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Blow into this gadget and your iPod plays a blood-alcohol alert

December 19, 2008|Dawn C. Chmielewski

Now the iPod can answer the question: Am iDrunk?

A new product called the iBreath turns Apple Inc.'s iPod into an alcohol breathalyzer.

The $79 accessory plugs into the base of the iPod and functions like a field sobriety test. The person using the iBreath exhales into a retractable "blow wand" and the internal sensor measures the blood-alcohol content. Within two seconds, it displays the results on an LED screen. A reading of 0.08 or above sets off an alarm, signaling a blood-alcohol level above the legal limit in all 50 states.

"We are absolutely not advocating drinking and driving, but we know that people just don't observe that," said Don Bassler, chief executive and founder of David Steele Enterprises Inc. in Newport Beach, an online retailer and creator of the iBreath. "We don't want people to think that this makes it all OK, but it's a safety device that we hope people will use, and it may save lives."

The iBreath is among a growing number of products for the iPod and iPhone designed to combat excessive holiday reveling. Last Call, a new application for the iPhone, provides a tool for estimating blood-alcohol content (as well as a list of attorneys who specialize in DUI arrests).

Another iPhone application, Drunk Dial, prevents people from making calls they might regret in the morning by administering a timed math test. And Taxi Magic hails a cab with a push of a button. The service, which connects the iPhone directly to computer dispatch systems, is available in 25 cities across the U.S., including Los Angeles.

The Los Angeles Police Department has stepped up sobriety checkpoints to combat drunk driving over the holidays. The department charged more than 7,000 drivers with driving under the influence last year. It said drunk drivers were involved in 2,823 collisions.

Bassler said he got the idea for the iBreath from conversations with friends, who expressed concern about their older children attending parties and drinking alcohol.

"You know how they are -- they're going to sneak it if they can. They don't listen to their parents, but they listen to their iPods," Bassler said.

He said one friend suggested, "Wouldn't it be great for these kids to have breathalyzer iPods?' I said, 'Hey, there's a product there.' "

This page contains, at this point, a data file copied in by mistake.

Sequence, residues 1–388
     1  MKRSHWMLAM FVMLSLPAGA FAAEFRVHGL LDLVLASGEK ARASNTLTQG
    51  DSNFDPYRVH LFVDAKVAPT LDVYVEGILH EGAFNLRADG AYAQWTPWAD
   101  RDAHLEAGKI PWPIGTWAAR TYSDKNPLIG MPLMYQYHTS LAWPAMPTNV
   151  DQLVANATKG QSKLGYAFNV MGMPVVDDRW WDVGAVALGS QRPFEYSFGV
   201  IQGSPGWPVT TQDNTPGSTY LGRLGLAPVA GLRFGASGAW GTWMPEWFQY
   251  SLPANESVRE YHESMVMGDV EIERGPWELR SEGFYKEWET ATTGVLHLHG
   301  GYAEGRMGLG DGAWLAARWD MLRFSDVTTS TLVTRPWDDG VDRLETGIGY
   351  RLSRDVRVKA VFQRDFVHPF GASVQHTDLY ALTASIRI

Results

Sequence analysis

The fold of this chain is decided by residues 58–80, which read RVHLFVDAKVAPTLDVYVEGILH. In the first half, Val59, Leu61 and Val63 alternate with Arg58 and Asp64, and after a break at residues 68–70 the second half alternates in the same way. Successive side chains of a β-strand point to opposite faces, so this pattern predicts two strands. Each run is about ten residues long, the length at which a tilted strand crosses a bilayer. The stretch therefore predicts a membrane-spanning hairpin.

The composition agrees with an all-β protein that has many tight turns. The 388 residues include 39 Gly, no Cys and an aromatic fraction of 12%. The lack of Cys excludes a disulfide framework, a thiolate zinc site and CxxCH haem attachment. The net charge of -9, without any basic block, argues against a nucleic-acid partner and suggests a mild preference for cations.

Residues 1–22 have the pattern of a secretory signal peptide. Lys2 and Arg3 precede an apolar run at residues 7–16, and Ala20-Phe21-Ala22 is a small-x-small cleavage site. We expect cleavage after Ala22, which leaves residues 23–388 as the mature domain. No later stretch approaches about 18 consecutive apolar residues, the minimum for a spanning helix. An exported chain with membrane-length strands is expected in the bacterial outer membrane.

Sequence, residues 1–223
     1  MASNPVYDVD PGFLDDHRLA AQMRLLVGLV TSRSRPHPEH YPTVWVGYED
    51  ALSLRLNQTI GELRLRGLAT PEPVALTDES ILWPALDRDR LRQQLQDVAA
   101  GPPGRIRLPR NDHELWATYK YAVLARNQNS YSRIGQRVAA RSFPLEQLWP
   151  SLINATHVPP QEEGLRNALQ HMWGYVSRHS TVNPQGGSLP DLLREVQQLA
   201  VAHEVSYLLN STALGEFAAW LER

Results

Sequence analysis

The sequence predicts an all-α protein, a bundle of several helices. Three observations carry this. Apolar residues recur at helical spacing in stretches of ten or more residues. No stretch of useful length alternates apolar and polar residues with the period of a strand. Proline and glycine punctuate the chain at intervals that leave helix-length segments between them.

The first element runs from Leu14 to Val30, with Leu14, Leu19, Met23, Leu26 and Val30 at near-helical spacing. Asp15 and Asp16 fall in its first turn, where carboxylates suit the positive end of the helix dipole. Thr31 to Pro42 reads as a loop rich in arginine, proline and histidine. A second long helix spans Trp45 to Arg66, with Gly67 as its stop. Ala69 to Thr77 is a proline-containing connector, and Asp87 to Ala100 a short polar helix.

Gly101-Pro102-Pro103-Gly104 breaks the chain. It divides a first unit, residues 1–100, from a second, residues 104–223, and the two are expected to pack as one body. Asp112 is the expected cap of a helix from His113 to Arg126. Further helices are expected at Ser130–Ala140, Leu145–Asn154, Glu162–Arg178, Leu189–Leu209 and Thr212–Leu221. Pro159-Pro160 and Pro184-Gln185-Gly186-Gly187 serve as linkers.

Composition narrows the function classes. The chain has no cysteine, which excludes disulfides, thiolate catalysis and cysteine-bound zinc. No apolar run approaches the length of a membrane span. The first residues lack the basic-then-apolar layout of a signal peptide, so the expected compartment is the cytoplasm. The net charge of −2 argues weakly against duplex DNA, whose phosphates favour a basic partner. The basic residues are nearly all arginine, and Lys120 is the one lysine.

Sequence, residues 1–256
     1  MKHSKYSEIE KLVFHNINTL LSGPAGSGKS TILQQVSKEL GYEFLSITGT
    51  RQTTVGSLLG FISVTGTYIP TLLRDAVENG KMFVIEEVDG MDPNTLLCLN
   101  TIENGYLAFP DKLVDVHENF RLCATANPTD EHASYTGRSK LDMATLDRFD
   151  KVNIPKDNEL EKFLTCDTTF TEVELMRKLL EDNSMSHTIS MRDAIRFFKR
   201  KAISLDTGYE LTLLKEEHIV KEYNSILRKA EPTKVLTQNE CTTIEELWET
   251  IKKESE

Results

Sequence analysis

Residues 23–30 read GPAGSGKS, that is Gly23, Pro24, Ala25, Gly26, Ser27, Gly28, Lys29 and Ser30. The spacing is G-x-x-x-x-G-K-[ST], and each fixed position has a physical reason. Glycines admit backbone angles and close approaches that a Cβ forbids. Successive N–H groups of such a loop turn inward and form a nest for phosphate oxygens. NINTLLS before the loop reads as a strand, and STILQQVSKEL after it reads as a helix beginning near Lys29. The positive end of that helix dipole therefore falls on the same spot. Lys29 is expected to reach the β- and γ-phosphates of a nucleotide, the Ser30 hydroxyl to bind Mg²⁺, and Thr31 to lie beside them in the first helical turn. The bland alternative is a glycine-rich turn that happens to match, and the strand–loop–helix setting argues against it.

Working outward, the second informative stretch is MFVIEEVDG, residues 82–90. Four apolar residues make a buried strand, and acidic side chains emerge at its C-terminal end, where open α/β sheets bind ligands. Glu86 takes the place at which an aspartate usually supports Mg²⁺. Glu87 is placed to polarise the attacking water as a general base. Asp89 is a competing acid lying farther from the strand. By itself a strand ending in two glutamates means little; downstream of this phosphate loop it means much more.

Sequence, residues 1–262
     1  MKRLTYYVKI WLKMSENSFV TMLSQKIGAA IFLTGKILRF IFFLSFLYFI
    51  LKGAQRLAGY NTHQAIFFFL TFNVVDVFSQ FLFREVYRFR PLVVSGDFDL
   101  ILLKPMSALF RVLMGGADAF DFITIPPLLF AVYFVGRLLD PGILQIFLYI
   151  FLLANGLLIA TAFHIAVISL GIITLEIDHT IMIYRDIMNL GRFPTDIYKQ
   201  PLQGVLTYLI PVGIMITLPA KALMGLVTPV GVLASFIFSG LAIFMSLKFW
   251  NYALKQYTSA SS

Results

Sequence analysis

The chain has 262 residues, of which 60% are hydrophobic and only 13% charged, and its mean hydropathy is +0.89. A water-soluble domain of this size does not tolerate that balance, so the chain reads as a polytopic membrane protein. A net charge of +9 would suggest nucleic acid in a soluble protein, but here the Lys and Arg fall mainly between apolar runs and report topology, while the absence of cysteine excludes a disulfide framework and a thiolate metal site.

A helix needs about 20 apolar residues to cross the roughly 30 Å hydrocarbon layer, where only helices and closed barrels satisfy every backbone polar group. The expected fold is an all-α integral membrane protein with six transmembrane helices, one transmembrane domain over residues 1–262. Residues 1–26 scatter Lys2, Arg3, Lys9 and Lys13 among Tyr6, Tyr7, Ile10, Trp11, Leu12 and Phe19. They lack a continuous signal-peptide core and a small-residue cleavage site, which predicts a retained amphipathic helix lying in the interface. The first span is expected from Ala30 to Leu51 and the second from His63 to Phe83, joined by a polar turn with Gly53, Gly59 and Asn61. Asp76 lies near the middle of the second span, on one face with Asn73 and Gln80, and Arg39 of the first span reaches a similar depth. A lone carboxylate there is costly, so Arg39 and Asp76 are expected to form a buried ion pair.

Bassler spent a year and a half developing the iBreath and gaining the seal of approval from Apple, indicating that the accessory is compatible with the iPod Nano, the iPod Classic and the iPod Touch. It will also work with the iPhone, he said.

The hope is that the iPod's cool factor will take away some of the stigma of acting responsibly and using a breathalyzer, Bassler said. That's also why the device doubles as an FM transmitter for broadcasting tunes on the iPod to an unused radio frequency, to listen to music in the car.

"We figured, OK, if it's only a breathalyzer, the chances are this thing is coming off the iPod and sitting in the drawer," Bassler said. "If we put in the FM transmitter, they might keep it on there."

Advocacy groups working to combat drunk driving worry that the iBreath might promote binge drinking and create a false sense of security.

Laura Dean-Mooney, national president of Mothers Against Drunk Driving, said she worried that young people would use the breathalyzer for drinking games, to see who could score the highest reading. (The iBreath caps readings at 0.20, more than twice the legal definition of intoxication.)

Moreover, Dean-Mooney questions the accuracy of the device. Law enforcement agents use instruments that are calibrated monthly, and accurate readings require the person taking a field sobriety test to blow "deep lung air," she said. iBreath claims to offer results in as little as five seconds within 0.01% accuracy.

"I'm afraid it not only causes young people to use it as a training tool but also gives them a false sense of security. 'I'm good to go,' " Dean-Mooney said. "Your blood-alcohol content goes up for 30 minutes after you stop drinking."

The best solution, she said, is to designate a sober driver before drinking begins, or take public transportation.

"There's no need to risk hurting yourself or other innocent people when you can simply plan ahead," Dean-Mooney said.

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dawn.chmielewski@latimes.com

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